Perhaps it’s only appropriate that the Los Angeles Lakers, sparked by the improved offensive game of D’Angelo Russell, are facing off tonight against the Houston Rockets. In some ways, the rookie guard has made recent progress by taking a page from his opponents’ playbook.
Over the past several years, the Rockets have been one of the leading practitioners of efficient scoring opportunities. They’ve strategically reduced their mid-range jumpers in favor of restricted-area and three-point shots. Although they’ve struggled this season, their “Moreyball” approach (named after their general manager Daryl Morey) has remained influential throughout the NBA.
How do these analytics relate to Russell’s improvements? The connection is admittedly figurative, but when we explore how his points per game has risen from 10.4 in November to 15.6 in December, we can see the familiar features of Moreyball.
For example, witness the shift in Russell’s shot locations (courtesy of NBA Savant):
In comparing the first (November) and second (December) heatmaps, we can detect higher levels of activity in the restricted area and behind the arc, as reflected by the bright red spots near the rim and around the perimeter. Mid-range shooting has concurrently shrunk. The result is greater concentration in efficient zones and better spacing.
The numbers reinforce these trends. In November, Russell had 164 field goal attempts, of which 52 (or 32 percent) were in the mid-range. He took roughly eight mid-range jumpers for every 10 three-point shots.
Thus far, in December, Russell has tallied 135 field goal attempts, of which 32 (or 24 percent) have been in the mid-range. He’s taken about six mid-range jumpers for every 10 three-point shots. As his scoring opportunities have increased, he’s pivoted away from historically inefficient zones.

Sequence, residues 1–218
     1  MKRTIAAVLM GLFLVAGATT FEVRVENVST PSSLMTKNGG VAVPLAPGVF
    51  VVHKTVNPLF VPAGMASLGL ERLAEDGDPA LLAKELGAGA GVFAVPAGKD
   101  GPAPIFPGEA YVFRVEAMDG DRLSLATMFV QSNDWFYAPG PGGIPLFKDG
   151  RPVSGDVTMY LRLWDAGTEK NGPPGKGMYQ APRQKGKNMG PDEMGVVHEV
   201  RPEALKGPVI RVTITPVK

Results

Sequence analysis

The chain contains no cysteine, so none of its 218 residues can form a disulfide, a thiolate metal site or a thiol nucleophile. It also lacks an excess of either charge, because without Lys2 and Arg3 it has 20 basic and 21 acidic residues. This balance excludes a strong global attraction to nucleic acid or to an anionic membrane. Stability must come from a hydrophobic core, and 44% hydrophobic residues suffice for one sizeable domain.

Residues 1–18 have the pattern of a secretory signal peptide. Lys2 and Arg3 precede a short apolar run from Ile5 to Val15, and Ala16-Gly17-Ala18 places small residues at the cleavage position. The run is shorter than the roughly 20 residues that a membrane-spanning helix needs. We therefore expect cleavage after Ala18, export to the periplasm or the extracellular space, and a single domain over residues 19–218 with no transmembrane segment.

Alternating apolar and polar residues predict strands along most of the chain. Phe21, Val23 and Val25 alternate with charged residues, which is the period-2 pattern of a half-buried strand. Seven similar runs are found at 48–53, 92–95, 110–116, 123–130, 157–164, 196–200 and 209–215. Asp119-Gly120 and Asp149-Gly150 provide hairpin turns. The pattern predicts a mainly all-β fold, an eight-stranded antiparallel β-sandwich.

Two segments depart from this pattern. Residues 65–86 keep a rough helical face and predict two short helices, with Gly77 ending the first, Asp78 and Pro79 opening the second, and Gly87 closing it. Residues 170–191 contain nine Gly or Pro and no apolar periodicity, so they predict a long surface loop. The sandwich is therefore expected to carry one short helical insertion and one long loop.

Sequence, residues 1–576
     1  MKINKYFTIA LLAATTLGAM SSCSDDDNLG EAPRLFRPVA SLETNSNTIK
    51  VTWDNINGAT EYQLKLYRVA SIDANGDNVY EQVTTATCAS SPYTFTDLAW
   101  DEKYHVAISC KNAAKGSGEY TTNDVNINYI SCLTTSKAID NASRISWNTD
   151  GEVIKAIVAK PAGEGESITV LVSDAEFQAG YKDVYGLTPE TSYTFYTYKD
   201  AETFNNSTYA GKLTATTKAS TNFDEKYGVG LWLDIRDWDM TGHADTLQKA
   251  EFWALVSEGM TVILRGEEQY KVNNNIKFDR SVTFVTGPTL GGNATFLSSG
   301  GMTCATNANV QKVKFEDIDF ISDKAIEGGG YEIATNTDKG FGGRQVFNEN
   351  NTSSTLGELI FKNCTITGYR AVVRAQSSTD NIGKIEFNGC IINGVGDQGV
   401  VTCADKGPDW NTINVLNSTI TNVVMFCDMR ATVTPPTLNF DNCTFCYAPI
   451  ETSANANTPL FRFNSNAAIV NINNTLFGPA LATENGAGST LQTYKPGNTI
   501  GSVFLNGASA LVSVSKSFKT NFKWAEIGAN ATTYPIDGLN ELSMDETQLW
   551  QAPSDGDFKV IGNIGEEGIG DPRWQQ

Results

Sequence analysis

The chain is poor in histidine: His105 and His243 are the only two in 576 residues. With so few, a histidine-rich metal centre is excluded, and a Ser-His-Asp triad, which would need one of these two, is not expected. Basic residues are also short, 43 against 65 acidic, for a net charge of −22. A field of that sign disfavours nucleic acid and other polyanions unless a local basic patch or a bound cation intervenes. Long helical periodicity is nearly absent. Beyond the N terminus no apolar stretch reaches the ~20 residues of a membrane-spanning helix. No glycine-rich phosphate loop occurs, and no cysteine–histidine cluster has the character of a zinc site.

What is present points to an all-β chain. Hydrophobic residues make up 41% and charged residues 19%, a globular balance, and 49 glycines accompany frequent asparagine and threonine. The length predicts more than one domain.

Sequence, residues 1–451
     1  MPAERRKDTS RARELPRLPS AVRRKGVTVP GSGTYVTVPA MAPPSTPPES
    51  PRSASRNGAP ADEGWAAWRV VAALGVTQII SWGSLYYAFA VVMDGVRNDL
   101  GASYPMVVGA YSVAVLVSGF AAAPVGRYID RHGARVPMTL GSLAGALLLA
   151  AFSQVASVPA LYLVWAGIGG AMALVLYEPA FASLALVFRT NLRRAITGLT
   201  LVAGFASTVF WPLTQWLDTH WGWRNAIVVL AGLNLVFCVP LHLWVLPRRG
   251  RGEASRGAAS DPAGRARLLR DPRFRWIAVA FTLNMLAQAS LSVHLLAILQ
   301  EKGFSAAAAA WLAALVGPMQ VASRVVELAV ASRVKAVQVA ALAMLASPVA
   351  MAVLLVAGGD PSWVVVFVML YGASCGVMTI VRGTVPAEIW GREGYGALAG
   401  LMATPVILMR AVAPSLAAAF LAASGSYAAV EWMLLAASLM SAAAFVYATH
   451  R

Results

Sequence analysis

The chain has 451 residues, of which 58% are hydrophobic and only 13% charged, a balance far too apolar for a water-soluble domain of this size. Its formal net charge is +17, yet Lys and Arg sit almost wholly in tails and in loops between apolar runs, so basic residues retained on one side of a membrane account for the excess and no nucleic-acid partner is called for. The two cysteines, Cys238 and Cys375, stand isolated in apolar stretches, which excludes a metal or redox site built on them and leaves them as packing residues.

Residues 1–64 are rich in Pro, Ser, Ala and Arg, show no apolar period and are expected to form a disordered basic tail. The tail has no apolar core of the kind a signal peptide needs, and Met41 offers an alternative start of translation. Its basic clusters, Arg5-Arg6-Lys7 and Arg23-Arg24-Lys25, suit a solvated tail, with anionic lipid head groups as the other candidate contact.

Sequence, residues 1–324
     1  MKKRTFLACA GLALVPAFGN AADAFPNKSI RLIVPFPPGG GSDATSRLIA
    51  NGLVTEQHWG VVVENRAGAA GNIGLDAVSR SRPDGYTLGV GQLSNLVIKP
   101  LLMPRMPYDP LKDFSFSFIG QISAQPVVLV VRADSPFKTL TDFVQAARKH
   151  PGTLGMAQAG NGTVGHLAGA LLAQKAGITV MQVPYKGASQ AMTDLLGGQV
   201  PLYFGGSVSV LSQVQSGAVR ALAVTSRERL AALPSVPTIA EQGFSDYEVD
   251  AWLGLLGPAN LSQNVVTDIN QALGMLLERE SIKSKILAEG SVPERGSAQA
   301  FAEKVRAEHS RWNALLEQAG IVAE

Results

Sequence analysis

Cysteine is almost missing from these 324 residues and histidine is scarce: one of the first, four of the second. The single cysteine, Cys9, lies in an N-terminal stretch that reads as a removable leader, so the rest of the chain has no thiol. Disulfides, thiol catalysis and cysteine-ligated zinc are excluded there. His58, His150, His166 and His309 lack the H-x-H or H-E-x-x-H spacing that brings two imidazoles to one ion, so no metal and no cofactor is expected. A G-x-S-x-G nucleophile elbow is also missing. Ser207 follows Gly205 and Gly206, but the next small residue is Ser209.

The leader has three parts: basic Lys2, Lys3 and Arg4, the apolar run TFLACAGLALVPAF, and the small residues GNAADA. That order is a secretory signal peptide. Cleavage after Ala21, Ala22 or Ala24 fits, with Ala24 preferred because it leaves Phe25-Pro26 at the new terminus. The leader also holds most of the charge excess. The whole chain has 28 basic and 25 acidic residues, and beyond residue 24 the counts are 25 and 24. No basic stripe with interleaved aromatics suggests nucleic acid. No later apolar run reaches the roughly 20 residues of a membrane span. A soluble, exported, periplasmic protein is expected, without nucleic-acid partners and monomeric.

Meanwhile, Russell’s presence has been more prominent behind the arc and around the rim. November saw him make 20 of 64 three-pointers (31 percent) in 432 minutes. December production has yielded 19 of 55 three-pointers (35 percent) in 279 minutes. Overall, he’s already hit approximately the same number of three-point shots in fewer attempts and in less time.
As for attacking the rim, we can get a glimpse of Russell’s development by observing his drives to the basket. In November, he had 31 of these plays, generating 15 points and three assists. This month, he’s already surpassed that performance with 39 drives, 29 points, and four assists. When we look more broadly at the percentage of shots within five feet of the basket, we find that he’s gone up from 16 percent to 23 percent.
It remains to be seen whether Russell’s recent advancements represent a sustainable step forward or just a temporary surge.
For one thing, he still struggles to get to the line. For another, because sample sizes are small, the numbers could be influenced by opponent strength, lineup changes, random luck, and a whole host of other factors.
But, while we would never want to draw hard conclusions from a few hundred shots, we can certainly take encouragement from the positive turn that Russell has made this month. It’s given us a peek at the high potential that led to his lofty draft position. And it’s helped us understand the types of skills that the Lakers should continue to hone as they build for the future.
Note: November statistics include the two games played in October.